The complaint charges as a specification of the cruelty that drove plaintiff from her home, that "defendant openly and publicly consorted with said Sophie Terpanik in various saloons and taverns in and about Perth Amboy, N.J., and in addition openly displayed himself in company with said woman at seashore resorts and other places of amusement." If this charge had been true, plaintiff could easily have proved it by disinterested witnesses. Instead, she relies solely on her own testimony as to an alleged confession of defendant.

[6 NJSuper Page 161]

Defendant denies that he was even acquainted with Sophie Terpanik until January, 1945, six months after the separation, and of course he denies the conversation with plaintiff in which he is alleged to have admitted an affair with Sophie.

Defendant maintained the apartment, that had been the family home, until November, 1944. The parties then divided the furniture and defendant went to live with his sister and after another six months he got a room at the Y.M.C.A., where he has since lived. He admits that during the three years preceding the hearing, which would be the years he has been living alone, he has seen Sophie once or twice a week, and we may assume that word of this reached his wife.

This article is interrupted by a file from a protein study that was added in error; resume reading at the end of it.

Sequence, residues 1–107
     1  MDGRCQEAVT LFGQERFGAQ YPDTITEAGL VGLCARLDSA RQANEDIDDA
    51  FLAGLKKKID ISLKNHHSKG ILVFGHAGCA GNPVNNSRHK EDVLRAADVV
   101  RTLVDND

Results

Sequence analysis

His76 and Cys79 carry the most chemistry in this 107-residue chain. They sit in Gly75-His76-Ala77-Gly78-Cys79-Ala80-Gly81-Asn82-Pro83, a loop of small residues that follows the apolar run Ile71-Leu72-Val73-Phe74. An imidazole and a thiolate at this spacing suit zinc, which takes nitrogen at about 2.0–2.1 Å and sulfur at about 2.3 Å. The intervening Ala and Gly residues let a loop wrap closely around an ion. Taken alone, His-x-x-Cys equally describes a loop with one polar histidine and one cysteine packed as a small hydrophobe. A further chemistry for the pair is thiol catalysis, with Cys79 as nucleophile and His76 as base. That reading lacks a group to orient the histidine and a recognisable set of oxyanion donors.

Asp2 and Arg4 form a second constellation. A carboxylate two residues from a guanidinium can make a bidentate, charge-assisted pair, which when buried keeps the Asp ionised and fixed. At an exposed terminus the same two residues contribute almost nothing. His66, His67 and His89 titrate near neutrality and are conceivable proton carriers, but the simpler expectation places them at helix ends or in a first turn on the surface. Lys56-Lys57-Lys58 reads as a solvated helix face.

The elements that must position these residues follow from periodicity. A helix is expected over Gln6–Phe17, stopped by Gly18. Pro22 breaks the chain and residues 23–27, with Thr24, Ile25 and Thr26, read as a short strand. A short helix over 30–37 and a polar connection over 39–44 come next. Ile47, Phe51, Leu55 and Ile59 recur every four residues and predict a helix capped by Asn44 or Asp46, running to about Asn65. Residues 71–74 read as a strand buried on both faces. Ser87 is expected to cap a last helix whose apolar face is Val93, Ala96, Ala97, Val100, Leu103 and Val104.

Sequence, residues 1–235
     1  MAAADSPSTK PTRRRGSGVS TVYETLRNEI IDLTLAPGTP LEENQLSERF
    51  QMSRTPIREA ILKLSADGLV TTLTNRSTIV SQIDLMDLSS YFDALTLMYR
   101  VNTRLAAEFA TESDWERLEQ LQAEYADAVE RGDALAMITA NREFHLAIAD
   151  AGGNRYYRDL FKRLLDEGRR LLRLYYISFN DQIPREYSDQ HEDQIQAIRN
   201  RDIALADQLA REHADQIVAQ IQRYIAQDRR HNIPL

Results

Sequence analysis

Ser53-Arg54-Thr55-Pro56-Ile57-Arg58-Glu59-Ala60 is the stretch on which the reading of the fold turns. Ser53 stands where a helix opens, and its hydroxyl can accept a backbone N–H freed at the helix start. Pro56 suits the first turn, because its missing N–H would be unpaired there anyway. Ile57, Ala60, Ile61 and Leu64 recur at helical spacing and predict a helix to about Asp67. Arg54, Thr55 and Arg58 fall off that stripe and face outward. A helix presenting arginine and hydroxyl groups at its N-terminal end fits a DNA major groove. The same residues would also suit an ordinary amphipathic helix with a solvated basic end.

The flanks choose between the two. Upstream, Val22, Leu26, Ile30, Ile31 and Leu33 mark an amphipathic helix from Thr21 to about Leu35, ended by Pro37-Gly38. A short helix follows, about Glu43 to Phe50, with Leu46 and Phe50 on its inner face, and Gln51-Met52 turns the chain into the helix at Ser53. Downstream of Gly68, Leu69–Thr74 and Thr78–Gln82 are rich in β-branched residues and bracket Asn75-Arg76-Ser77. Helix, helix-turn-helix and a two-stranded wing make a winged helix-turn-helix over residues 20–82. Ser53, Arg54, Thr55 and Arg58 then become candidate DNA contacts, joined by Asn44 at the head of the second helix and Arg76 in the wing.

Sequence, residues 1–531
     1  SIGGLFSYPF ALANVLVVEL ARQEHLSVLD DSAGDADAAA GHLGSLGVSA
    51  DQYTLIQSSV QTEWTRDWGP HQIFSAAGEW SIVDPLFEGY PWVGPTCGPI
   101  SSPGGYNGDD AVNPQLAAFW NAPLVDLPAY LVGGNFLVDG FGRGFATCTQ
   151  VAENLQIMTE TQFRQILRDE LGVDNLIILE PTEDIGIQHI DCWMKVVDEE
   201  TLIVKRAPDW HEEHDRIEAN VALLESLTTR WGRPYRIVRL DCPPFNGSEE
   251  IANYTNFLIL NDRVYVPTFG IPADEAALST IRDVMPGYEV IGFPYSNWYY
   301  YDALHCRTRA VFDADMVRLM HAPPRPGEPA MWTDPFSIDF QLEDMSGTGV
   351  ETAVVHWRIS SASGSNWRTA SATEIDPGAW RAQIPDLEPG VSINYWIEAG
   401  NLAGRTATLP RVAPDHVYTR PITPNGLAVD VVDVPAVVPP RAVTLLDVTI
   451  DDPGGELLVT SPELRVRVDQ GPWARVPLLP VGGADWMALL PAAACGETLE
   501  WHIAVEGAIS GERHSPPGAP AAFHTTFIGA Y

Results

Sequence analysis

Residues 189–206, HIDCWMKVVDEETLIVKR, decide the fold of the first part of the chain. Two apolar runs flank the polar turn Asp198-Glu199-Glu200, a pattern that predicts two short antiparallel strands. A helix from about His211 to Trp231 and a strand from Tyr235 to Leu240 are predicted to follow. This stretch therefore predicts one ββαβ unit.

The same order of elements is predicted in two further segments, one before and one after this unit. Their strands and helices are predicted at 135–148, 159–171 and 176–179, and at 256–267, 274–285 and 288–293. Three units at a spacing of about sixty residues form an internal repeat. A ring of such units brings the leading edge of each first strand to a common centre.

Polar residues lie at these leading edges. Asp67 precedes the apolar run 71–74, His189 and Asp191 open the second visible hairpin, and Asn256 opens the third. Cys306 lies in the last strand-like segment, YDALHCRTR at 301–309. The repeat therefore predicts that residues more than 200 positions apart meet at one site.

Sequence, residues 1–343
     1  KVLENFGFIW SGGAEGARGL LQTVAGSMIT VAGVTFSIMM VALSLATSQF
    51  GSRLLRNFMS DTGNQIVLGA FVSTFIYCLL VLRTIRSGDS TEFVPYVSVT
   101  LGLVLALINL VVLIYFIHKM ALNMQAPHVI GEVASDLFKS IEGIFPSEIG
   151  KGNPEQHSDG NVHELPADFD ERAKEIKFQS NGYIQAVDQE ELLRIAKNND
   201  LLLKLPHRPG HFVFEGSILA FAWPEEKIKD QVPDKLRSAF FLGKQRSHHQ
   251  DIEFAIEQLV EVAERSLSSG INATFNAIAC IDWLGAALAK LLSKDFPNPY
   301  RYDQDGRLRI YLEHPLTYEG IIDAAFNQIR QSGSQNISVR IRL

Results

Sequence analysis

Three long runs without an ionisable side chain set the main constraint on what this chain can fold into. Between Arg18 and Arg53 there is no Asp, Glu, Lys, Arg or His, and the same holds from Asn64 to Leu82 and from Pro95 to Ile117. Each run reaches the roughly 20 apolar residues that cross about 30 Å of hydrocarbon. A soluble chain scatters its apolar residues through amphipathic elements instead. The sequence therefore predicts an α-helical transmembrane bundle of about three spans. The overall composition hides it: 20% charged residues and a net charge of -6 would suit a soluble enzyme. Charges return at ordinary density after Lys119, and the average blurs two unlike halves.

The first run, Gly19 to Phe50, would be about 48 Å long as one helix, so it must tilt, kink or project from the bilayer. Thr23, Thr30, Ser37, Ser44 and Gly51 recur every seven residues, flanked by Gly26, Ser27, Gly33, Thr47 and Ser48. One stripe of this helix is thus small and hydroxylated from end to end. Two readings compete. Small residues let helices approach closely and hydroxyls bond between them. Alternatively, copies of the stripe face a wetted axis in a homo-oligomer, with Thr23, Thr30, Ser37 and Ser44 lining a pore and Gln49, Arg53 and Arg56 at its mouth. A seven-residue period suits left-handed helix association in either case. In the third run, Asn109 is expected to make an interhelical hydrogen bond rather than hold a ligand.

The failure of plaintiff even to attempt to prove the specific charges laid in her complaint; her willingness to exaggerate, as demonstrated in her testimony about defendant's absences from home, and her theft of her husband's savings, greatly weaken her credibility. Her unsupported testimony that her husband confessed to her is an insufficient basis for adjudging that he was guilty of adultery.

Plaintiff's testimony of the woman at the bath is far from clear. She only identifies the lady as "this woman." Did she mean Sophie Terpanik? Whose apartment was it to which her husband went, in order to peek? The incident is not mentioned in the complaint. I think no credit can be attached to this part of plaintiff's testimony.

The plaintiff admits that some months before she left her husband, she took the savings bank book from where it was usually kept, and secreted it. When defendant noticed that the book was missing, his wife refused to return it and there resulted a quarrel which the parties never patched up. Then came plaintiff's departure.

The plaintiff did not, in my opinion, prove that her husband was guilty of extreme cruelty and that it was such cruelty that drove her from their home. Furthermore, even if she had cause to leave, she should be awarded nothing until she return or account for the money of his that she took. The decree for separate maintenance should be reversed.